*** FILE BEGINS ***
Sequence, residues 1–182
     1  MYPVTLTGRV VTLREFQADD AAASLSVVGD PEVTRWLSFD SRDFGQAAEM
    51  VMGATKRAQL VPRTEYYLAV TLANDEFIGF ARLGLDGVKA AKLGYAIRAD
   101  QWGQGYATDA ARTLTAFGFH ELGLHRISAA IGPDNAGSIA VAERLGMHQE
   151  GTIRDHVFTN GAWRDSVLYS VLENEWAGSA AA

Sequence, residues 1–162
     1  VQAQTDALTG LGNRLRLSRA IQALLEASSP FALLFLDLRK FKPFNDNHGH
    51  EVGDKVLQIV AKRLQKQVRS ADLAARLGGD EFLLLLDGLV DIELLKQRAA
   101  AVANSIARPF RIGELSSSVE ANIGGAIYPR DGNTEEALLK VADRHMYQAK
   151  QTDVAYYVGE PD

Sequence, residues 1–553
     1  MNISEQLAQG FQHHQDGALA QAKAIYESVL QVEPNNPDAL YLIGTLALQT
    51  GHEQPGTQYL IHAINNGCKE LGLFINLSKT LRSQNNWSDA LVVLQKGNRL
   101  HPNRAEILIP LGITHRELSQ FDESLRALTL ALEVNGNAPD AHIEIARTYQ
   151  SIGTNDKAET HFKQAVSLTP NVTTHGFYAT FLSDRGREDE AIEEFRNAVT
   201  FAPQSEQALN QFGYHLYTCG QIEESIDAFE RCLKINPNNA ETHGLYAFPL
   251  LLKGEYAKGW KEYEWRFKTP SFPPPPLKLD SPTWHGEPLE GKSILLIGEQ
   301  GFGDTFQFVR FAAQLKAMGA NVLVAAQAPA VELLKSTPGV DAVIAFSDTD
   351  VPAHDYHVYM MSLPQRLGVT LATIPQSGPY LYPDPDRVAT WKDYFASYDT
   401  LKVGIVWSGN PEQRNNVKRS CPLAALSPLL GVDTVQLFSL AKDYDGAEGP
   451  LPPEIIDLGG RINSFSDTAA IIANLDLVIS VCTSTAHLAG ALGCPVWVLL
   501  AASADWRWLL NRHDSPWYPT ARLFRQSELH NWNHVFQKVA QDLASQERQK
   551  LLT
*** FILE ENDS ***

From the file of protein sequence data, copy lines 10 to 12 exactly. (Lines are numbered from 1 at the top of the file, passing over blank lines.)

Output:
   151  QTDVAYYVGE PD

Sequence, residues 1–553
     1  MNISEQLAQG FQHHQDGALA QAKAIYESVL QVEPNNPDAL YLIGTLALQT